*Note: Middle grade readers may not be emotionally ready to read/discuss amount of sexual connotation and possibility of sexual abuse in this book.

P.S. Found it noted on Kristen Simmon’s website that she is working on a book called Metaltown for 2016. Unknown whether this is a sequel (though doubtful) or unrelated. Go there for more articles and bonus stories from The Glass Arrow!

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Article 5 trilogy by Kristen Simmons

An inspiring tale of a young woman, oppressed and hunted by an over-zealous abstemious anti-feminist dystopian regime, becomes the face and weapon to bring about its destruction.

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10677277 Article 5

In the near distant future, a dystopian United States is governed by a new set of rules, the Moral Statues, with lawbreakers arrested, sent to trial and possibly death rather than simply fined. It is this United States that is seventeen-year-old Ember Miller’s reality. Under Article 5, the law against children conceived out of wedlock, she and her mother have just been arrested, and one of the Federal Bureau of Reformation (FBR) soldiers is her former flame, Chase Jennings. Heartbroken and separated from her mother, Ember is sent to a girl’s reform camp since she is still a minor. This reform camp is run by the Sisters of Salvation, an all-female religious-minded cult that sits at the right hand of the FBR. The Sisters teach and enforce that women are under the authority of men and that children should obey. Determined to find her mom and save her from death, Ember plots to leave the reform camp and blackmails her roommate, Rebecca, and her secret guard boyfriend to do it. Ember doesn’t succeed and is about to be tortured when Chase shows up to take her to trial but is secretly rescuing her. While Ember tries to figure out Chase and his motivations, they are also trying to find a safe contact in South Carolina, one who may have saved Ember’s mom. However, as fugitives from the government, they can be arrested and tortured, especially Chase as a military deserter. It’s survive or die…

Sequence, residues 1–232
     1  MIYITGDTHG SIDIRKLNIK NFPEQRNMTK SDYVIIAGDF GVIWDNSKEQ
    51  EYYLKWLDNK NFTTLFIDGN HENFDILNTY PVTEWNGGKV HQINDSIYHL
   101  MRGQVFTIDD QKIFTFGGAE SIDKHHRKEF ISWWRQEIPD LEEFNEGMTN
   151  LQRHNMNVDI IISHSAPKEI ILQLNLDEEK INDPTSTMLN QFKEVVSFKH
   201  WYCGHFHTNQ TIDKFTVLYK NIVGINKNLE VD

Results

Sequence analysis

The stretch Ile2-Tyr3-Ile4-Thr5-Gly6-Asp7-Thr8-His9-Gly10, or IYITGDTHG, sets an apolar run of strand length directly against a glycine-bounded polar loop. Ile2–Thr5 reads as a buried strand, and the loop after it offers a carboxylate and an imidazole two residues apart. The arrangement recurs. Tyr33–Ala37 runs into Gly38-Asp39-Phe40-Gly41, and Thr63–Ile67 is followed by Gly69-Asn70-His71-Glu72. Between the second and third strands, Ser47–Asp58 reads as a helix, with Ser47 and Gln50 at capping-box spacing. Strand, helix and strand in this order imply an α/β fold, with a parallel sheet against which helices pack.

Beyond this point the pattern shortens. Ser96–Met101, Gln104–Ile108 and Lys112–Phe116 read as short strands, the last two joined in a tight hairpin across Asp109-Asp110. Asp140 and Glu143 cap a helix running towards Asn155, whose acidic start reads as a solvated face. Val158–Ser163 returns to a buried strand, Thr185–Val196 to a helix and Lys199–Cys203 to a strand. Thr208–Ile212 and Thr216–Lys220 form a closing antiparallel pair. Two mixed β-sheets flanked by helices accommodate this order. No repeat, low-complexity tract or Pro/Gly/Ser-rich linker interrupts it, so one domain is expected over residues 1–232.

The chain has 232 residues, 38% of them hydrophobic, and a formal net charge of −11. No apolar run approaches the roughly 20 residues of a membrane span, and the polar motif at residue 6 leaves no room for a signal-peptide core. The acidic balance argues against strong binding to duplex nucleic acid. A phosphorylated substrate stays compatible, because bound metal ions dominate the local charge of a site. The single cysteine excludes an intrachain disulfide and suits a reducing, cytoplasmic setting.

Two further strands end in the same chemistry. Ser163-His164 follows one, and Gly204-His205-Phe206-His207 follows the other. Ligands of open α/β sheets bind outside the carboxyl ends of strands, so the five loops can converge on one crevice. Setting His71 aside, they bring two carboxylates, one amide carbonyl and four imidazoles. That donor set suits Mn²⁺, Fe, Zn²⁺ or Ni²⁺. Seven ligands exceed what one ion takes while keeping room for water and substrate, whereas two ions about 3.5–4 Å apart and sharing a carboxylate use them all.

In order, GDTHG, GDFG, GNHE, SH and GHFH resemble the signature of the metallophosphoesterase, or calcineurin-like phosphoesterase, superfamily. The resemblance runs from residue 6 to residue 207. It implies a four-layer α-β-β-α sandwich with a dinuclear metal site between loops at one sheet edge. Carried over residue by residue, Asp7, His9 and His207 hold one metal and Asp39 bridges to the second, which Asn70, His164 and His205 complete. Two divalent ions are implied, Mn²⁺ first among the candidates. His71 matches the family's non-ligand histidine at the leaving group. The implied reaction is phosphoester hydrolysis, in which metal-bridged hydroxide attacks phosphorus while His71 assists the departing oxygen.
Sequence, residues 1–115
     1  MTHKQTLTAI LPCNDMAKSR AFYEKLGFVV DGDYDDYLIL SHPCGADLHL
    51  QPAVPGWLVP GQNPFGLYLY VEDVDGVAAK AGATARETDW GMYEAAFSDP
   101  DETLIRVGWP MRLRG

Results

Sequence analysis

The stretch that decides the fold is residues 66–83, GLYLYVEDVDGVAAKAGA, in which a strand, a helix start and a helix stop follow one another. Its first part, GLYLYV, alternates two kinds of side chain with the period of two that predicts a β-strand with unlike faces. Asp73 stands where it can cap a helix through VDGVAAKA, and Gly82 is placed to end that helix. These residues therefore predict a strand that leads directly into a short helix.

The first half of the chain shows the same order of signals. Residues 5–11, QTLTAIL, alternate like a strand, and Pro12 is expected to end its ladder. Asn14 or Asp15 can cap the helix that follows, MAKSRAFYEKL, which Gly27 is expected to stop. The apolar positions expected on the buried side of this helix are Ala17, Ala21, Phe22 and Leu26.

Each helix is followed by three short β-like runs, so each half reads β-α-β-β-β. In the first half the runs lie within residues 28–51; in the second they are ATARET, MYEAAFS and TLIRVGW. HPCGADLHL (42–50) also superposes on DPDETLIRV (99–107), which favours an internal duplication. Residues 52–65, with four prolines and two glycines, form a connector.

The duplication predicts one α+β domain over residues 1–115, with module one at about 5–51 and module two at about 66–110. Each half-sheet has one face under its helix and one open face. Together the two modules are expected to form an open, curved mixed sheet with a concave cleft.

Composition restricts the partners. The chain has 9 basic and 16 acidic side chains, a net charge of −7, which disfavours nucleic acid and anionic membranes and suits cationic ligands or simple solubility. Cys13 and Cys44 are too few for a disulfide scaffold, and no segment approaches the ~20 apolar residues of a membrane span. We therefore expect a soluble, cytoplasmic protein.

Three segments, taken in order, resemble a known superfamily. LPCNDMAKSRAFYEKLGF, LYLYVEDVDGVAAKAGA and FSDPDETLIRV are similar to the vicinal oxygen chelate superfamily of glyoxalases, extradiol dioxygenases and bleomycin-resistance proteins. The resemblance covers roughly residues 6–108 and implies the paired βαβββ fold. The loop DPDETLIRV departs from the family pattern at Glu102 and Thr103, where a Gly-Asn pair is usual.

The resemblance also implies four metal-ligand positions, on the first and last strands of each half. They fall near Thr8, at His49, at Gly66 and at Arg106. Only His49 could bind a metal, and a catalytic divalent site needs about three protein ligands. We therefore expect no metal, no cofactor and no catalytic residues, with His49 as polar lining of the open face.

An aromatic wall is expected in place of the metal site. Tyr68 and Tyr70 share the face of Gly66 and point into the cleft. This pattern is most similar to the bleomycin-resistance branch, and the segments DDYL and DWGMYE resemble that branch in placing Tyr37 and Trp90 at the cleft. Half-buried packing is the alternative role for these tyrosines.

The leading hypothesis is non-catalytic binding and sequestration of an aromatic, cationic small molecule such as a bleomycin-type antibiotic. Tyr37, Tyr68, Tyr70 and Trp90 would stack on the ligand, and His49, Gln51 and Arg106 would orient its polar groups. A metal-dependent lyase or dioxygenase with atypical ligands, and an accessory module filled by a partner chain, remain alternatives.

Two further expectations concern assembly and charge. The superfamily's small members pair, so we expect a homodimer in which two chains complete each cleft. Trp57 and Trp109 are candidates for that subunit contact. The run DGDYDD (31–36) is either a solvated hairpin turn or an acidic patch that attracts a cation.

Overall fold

Note on the religious aspects: Though it resembles some religions here, it makes an effort to cross the line into grossly unacceptable treatment–with severe physical and emotional abuse (or death) as the frequent punishments for infractions–a more brutal and oppressive fanatic version. Think puritan mixed with the intolerance of Queen Mary I’s reign. An absolute rule for the marriage of church and state.

BreakingPointFinal-1 Breaking Point

As Ember and Chase were captured once more at the close of the first book and they faked their deaths in escaping, they attempt to hide underground because of their high-profile status. Instead, they are absorbed into the Resistance, a well-organized group of rebels trying to overthrow the government. When news of Ember’s escape finally gets leaked, she is also the prime suspect for a serial sniper who has been picking off soldiers. Ember, incapable of sniper skills, must come to terms with her new reputation and what it means for their joining the Resistance. Should Ember keep hiding for fear of being shot on sight, or is this finally the time to fight back? When the Resistance comes under attack, Ember and Chase are pushed to the forefront of leadership and must navigate their changing relationship in the face of imminent disaster.